From Charles Wesley in London, to Dr [Thomas Bradbury] Chandler upon his impending departure for the United States, and 'I for a more distant country'. He gives a detailed account of his life and ministry from his time at Westminster School to the present, with particular emphasis on his relationship with his brother John, and their disagreement re the separation of the Methodists from the Church of England.
In a postscript he asks 'what will become of those poor sheep in the wilderness the American Methodists T, now that they have been 'betrayed' into separation from the established church. If they had only waited a little longer they would have had their own 'REAL Primitive Bishop', acknowledged as such by the English Church, namely Bishop Samuel Seabury. Wesley has discussed in person with Seabury the question of the American Methodists, and was assured that Seabury considers them to be true members of the Church, and that he is prepared to ordain suitably qualified preachers.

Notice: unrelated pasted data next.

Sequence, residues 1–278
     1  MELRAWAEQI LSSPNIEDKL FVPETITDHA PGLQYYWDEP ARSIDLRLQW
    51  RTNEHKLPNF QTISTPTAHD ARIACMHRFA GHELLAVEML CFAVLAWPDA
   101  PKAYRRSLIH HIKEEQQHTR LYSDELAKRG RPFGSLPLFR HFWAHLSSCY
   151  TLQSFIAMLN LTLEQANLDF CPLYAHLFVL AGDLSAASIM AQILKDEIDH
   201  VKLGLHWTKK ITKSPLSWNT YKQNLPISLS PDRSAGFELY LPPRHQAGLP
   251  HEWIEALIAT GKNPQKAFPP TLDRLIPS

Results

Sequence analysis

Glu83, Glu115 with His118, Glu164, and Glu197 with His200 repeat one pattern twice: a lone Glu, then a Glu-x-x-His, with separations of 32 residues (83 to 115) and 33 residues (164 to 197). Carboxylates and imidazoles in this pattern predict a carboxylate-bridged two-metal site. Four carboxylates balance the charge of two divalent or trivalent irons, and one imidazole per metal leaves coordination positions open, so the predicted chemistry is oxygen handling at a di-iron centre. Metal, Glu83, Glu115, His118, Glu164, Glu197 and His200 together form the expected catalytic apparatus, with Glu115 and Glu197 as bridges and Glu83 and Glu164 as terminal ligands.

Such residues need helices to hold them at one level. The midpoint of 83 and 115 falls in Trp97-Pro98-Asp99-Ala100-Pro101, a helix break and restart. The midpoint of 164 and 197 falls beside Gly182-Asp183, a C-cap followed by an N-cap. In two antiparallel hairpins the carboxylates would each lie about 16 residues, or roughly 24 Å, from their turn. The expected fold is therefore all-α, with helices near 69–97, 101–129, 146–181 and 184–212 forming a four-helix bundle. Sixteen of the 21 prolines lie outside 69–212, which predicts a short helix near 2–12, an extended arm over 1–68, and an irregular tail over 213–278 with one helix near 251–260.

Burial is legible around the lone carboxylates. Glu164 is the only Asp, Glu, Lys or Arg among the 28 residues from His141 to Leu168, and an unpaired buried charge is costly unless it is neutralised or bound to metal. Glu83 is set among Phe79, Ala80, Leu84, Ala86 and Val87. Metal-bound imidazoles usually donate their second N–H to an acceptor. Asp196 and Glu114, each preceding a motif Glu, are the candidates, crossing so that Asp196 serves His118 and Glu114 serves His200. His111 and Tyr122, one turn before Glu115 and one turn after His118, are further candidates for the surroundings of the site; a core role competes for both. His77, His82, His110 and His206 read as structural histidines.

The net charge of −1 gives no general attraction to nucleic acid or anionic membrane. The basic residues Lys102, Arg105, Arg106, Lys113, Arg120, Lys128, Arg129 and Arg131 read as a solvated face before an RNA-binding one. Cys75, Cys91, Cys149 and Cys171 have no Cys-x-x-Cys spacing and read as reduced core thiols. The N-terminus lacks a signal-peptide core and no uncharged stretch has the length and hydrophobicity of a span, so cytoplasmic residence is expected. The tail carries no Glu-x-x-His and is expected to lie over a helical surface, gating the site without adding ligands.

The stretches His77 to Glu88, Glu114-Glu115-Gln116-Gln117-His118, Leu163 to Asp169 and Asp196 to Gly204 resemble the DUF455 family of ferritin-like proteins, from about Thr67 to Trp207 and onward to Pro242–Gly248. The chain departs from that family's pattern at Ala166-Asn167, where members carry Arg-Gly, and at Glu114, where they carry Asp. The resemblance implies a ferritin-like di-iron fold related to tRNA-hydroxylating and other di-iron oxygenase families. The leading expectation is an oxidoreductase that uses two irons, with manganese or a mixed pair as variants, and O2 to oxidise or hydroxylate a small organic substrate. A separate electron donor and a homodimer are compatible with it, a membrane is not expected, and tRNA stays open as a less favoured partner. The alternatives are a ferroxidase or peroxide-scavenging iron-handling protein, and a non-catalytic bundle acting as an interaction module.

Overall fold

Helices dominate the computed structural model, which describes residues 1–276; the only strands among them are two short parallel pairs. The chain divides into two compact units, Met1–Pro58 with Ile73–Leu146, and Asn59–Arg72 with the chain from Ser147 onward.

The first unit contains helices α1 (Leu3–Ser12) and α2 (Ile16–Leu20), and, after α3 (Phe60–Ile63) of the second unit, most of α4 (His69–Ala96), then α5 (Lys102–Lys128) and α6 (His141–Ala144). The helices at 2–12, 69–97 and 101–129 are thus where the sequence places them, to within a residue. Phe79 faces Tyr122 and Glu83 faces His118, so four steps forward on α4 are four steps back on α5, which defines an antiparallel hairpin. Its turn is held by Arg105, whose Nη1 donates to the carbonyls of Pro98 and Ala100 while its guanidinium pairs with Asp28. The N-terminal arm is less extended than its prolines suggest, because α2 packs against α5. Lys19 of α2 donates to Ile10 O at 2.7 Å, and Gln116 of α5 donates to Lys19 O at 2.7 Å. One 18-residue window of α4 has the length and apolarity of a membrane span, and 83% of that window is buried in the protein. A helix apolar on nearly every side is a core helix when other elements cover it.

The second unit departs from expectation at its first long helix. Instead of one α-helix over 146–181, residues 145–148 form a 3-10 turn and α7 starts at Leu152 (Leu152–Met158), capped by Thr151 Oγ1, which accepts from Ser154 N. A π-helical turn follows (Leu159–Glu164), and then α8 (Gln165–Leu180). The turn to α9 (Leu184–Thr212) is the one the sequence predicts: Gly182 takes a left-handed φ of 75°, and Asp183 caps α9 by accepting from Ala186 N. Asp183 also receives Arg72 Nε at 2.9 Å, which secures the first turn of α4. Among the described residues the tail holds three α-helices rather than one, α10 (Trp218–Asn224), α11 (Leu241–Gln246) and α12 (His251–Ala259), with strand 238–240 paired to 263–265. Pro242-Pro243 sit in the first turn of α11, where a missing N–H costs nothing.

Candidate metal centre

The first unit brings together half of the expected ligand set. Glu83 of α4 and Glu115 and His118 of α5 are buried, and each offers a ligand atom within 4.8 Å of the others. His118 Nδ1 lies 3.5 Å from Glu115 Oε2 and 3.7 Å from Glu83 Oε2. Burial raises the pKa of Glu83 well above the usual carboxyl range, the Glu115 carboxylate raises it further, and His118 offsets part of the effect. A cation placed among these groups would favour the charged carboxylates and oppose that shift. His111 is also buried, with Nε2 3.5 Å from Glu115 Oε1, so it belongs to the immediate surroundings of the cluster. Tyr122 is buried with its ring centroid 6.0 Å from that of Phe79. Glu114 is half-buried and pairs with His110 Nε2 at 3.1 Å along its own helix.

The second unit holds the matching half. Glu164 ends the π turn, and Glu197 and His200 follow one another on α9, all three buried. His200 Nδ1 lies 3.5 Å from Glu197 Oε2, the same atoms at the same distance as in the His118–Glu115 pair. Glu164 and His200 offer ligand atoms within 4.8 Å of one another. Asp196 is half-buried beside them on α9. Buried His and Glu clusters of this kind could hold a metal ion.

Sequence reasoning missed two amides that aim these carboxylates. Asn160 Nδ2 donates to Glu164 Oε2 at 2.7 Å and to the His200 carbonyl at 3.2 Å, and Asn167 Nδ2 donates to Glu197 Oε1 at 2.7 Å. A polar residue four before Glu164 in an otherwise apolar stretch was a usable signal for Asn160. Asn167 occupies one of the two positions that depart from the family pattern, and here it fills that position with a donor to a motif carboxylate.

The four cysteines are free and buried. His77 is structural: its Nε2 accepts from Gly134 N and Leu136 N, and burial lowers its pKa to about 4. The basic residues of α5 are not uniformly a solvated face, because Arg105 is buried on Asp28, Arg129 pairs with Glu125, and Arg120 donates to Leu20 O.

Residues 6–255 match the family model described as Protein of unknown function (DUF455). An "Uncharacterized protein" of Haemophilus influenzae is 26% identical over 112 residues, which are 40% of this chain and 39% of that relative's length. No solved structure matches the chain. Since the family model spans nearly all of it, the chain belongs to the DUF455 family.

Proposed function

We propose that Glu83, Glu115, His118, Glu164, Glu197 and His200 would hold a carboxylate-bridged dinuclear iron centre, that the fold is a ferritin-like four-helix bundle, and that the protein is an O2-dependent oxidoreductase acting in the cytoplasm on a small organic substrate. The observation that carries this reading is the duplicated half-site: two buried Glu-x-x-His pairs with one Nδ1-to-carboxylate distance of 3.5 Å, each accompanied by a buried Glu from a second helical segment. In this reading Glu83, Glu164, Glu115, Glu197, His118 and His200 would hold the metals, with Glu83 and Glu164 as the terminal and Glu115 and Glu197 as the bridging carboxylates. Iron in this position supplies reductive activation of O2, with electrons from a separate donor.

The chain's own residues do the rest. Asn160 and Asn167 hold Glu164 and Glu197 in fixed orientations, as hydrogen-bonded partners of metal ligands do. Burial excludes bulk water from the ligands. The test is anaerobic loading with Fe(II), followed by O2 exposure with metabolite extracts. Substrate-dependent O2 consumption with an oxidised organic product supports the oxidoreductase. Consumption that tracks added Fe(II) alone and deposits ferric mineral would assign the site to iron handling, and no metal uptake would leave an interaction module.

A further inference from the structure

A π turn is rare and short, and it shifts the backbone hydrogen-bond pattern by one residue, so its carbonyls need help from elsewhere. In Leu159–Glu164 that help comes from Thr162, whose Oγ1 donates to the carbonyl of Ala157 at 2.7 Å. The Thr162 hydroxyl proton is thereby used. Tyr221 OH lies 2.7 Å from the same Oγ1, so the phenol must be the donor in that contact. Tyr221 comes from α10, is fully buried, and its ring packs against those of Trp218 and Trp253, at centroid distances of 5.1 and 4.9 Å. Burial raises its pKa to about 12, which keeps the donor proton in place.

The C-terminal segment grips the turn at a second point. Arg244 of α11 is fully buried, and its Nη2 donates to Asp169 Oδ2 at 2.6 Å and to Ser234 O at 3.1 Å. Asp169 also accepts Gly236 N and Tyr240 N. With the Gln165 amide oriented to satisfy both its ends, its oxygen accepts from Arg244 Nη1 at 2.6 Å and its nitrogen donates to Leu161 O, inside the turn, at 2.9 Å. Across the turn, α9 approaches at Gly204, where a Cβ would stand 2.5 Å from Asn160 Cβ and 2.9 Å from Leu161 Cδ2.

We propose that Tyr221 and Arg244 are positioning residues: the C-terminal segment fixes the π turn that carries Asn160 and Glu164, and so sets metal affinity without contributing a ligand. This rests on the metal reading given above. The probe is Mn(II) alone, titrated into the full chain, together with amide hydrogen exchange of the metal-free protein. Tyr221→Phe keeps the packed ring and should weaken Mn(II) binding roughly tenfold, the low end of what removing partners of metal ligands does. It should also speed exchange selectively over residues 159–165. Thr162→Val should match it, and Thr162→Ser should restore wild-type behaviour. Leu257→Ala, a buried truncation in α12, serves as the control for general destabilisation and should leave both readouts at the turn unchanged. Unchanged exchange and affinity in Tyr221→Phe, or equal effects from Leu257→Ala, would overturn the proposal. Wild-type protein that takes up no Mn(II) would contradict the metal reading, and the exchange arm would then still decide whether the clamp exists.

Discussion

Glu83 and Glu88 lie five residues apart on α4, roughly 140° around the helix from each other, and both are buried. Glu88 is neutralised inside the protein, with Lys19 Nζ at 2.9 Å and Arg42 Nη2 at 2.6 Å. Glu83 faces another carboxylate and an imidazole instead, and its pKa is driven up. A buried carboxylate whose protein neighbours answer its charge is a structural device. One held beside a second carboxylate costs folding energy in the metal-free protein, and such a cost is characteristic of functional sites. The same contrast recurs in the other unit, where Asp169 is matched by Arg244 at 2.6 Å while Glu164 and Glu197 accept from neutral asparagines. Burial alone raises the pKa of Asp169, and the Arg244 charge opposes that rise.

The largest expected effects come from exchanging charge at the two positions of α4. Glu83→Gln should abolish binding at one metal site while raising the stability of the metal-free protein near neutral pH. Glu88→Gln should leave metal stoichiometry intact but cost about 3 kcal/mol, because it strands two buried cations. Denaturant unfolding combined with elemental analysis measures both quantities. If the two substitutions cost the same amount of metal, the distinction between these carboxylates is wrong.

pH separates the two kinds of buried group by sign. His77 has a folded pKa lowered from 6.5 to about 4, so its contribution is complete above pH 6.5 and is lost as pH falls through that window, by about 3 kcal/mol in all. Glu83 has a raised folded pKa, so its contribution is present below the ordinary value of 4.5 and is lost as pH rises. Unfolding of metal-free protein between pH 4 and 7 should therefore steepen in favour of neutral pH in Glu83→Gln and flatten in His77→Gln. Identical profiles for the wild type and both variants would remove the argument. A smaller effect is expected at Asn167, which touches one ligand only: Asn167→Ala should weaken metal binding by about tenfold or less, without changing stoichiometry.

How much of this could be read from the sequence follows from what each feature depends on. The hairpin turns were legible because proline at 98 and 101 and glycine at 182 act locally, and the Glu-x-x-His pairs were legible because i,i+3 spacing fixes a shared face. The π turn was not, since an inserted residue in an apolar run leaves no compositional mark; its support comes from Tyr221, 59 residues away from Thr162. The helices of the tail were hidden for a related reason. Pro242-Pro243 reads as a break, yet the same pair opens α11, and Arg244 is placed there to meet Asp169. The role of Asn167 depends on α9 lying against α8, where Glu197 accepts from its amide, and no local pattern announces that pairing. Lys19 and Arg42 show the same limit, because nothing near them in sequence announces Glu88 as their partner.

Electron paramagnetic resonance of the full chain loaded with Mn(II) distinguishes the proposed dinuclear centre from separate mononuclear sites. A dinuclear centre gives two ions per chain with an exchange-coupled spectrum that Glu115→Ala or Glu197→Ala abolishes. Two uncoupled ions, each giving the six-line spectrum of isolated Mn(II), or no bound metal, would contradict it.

Now however the Methodists are but 'a new sect of Presbyterians', whose importance will diminish after the death of John Wesley.